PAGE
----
Zom-B is the first in a new 12-book series from the children’s author dubbed “The Master of Horror”. Darren Shan, fresh from grappling with vampires (The Saga of Darren Shan series) and demons (The Demonata series), now turns his attention to zombies.
Zombies were originally a less enticing prospect for Shan than vampires or demons: “This idea that they don’t think, they don’t plan, they don’t plot, makes them for me quite boring. I felt I had to try and bring something new to the table to make them interesting,” he says. “The classic zombie scenario of a group of people trapped somewhere, and zombies trying to get in . . . that can be fun. But I wanted to take it further than that.”
Zom-B opens with what one might term a traditional gorefest as zombies rampage through a small village in Ireland, devouring brains with bloodthirsty howls. But the action soon switches to London, where B Smith, a tough kid growing up in the inner-city, is watching a news report about the “alleged” zombie attack. B has slightly more pressing problems than the undead—a violent, racist bully of a father who makes life a misery for everyone around him.
Zom-B first grew out of a desire to engage with racism, explains Shan, over the phone from his home in Limerick, while not being “preachy” on the subject and still offering his devoted fans, known as Shansters, “a really exciting, action-packed book”. There are two major plot twists in Zom-B, both of which threw this reader completely, and also make the book quite tricky to write about.
“One of the main themes of Zom-B is that things aren’t always what they seem. That’s something that plays out through the books in various different guises; lots of people don’t tell the truth,” says Shan. “One of the things I want readers to do when they [finish] this series is to . . . question what we hold to be true. To always take everything with a pinch of salt, to always analyse everything and to not just accept things that people tell us. Even though those people are our parents or our teachers, each of us needs to take responsibility for our actions, to think about the world and the consequences of what we do.”
There will be 12 books altogether in the Zom-B series with a new one published every three months. Shan explains the story is “really one big book, one 2,500-page story” that he wanted to release as a “Charles Dickens-type serial”. He’s already written the first drafts of all 12 books and promises that each will end on a cliff-hanger: “I really want the pace to flow. This is a series that examines how people play on our fears,” says Shan. He wanted to explore how: “People in positions of power will try to make us afraid of things in order to get us doing things they want us to do.” He wants his readers to consider that perhaps “the monstrous undead aren’t the people or creatures we should necessarily be fearing the most in this world.”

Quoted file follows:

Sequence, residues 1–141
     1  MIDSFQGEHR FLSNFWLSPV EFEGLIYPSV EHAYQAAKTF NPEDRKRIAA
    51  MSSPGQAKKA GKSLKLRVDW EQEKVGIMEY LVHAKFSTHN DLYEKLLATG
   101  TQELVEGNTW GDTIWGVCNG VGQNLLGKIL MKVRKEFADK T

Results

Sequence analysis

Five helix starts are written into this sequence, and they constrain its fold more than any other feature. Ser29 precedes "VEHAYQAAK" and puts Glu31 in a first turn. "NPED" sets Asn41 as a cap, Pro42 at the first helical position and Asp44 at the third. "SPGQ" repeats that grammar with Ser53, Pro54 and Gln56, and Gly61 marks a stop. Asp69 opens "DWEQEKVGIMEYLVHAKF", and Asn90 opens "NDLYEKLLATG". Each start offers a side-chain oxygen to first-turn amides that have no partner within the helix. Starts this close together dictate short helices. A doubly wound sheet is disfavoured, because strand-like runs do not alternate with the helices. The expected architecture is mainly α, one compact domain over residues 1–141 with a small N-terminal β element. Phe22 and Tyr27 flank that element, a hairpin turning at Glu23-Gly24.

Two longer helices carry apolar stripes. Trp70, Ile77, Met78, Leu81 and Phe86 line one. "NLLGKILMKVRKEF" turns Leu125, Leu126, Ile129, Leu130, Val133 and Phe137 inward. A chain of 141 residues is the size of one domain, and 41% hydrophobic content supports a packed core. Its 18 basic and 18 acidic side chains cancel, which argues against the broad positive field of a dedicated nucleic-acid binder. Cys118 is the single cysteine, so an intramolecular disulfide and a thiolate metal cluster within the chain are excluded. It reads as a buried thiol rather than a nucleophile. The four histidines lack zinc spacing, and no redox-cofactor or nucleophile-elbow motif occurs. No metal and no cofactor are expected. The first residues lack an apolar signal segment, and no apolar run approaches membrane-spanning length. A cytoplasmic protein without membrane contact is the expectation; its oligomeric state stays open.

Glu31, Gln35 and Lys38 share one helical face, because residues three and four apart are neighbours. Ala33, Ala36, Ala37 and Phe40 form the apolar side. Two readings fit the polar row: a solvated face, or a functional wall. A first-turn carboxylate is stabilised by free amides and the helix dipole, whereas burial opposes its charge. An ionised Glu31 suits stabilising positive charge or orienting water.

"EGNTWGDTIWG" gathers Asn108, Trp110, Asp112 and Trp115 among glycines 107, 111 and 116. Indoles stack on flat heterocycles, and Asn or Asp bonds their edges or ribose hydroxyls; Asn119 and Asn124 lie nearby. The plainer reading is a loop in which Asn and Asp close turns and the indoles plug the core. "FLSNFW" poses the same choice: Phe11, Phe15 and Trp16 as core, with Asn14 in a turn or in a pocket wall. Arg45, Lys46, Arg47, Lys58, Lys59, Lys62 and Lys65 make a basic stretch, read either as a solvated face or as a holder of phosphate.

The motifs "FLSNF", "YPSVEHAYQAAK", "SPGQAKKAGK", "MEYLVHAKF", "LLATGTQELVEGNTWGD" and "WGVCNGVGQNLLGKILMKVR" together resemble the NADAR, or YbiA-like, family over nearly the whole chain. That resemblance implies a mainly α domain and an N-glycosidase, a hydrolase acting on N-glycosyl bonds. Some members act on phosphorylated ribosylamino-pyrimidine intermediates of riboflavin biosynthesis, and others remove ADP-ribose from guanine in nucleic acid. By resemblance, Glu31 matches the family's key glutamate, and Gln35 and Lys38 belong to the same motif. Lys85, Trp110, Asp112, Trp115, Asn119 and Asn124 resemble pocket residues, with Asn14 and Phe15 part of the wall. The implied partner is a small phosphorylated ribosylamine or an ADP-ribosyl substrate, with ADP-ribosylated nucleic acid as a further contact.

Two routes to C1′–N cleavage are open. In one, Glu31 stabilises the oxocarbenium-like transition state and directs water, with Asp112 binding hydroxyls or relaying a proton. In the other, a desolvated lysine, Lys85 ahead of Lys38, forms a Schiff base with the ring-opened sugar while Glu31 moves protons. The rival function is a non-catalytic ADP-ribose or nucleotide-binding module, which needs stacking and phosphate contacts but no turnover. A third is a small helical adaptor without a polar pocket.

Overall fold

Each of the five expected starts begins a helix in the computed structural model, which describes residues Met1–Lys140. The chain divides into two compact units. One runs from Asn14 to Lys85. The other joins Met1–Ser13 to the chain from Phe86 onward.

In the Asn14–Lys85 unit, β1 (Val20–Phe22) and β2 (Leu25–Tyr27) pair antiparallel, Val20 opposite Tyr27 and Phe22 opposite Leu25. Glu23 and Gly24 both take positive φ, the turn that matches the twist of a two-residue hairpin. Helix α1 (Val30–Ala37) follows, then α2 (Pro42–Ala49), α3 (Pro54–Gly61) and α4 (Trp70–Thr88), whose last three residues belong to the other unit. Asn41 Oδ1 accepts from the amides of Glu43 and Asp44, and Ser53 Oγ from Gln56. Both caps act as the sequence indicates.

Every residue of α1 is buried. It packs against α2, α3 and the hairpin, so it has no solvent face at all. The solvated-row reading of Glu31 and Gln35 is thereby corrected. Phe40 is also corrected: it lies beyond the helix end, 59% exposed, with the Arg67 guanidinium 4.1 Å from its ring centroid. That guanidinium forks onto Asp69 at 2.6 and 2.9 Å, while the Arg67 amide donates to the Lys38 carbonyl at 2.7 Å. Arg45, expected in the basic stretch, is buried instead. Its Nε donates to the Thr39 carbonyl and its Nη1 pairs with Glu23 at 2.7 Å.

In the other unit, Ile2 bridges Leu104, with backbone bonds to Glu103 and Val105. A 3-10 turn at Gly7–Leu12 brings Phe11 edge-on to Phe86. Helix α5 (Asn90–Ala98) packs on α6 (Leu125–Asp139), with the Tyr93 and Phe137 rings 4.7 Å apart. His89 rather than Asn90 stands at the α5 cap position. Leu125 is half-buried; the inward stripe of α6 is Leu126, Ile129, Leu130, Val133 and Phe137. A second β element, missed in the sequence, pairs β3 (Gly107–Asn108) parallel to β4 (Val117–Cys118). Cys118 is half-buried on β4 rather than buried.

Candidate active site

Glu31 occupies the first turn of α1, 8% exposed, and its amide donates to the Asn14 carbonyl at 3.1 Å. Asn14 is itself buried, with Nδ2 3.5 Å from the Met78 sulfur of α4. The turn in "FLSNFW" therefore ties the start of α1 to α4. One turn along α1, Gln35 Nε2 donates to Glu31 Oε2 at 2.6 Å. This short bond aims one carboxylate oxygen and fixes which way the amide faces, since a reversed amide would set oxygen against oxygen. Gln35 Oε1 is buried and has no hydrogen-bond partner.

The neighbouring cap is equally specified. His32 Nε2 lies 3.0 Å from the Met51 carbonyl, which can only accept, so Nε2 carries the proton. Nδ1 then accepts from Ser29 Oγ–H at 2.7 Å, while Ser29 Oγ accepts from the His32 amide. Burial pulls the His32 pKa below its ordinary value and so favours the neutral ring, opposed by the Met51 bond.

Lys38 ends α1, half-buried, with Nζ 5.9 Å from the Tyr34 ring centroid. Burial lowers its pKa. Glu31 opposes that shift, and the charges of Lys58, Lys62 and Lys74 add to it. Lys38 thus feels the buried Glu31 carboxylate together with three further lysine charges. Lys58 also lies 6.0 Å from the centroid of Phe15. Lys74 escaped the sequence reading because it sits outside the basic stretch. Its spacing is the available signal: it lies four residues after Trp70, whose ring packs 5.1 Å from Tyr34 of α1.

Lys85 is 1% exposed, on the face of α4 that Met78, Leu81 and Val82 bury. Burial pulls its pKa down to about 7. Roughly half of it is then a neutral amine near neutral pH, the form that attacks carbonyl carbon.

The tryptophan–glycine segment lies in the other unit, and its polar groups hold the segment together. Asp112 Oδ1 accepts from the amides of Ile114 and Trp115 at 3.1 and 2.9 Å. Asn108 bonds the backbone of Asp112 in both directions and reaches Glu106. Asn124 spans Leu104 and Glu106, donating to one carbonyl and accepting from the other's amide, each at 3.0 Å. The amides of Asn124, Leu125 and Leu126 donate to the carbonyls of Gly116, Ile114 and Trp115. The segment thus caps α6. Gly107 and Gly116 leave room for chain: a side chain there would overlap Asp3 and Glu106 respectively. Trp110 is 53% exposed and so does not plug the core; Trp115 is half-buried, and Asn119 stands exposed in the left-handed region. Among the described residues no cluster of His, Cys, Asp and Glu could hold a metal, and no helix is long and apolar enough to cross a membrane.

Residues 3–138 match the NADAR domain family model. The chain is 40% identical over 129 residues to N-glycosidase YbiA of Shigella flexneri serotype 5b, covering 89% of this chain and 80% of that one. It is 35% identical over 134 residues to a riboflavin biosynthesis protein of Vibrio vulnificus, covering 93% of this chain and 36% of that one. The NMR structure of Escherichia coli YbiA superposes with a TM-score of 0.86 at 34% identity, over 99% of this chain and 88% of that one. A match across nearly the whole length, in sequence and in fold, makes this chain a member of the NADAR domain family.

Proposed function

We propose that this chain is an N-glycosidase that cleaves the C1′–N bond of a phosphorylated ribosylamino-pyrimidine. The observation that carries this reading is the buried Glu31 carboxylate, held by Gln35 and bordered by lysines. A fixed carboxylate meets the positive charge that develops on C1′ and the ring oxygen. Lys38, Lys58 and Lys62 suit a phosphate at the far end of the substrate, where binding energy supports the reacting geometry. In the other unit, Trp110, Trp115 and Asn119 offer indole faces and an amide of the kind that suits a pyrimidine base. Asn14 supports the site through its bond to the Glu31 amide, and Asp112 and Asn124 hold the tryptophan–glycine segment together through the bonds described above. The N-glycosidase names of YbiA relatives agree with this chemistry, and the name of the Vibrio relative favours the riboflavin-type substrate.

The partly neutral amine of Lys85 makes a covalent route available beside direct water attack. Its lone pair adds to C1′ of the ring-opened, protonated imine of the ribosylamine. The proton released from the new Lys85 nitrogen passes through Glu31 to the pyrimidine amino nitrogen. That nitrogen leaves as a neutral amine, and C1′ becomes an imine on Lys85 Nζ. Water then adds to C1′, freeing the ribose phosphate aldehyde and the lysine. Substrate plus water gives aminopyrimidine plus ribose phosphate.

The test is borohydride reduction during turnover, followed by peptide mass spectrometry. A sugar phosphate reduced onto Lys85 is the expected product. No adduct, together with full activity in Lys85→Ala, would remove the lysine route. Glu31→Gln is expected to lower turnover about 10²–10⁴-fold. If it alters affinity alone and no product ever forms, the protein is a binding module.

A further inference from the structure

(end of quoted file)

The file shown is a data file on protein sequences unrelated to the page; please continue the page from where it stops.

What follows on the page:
Does a new series for a new publisher (he’s moved to S&S Children’s after 15 years with HarperCollins Children’s Books) mean the pressure is on? “When I sit down to write, I don’t think about the market, I don’t think about how’s this going to go down with the established fanbase . . . I can’t think about those sorts of things. If I do I’d still be sitting here playing around with the first sentence,” he says. Rather, he writes books that his teenage self “would hopefully have enjoyed reading”.
Shan has a well-established fanbase, notably the traditionally hard-to-reach audience of teenage boys and reluctant readers. Writing for younger teenagers (Zom-B has an age guidance of 12+) means that Shan does have to censor his words. Although Zom-B is satisfyingly gory, Shan did tone down some of the more aggressive language from his first draft. His measure is always whether he would be uncomfortable reading a passage aloud in front of a teenage audience and their teachers or parents.
Shan always promotes extensively and for Zom-B will undertake an 11-day tour of the UK and Ireland, including multi-school events, public signings and ticketed events. S&S estimate it will bring him into contact with 5,000 fans. A two-week national outdoor poster campaign, social media activity and, most excitingly, a zombie flash mob event should bring him to the attention of many more.
His sales are impressive—3.2 million copies through BookScan to date and demonstrate his huge popularity. But for Shan nothing beats the personal contact: “I love meeting the fans, I love getting out there. It’s when the books feel alive to me . . . and when I see that the stories have worked.”
Zom-B (Simon & Schuster Children’s, 27th September, £12.99, hb, 9780857077523)
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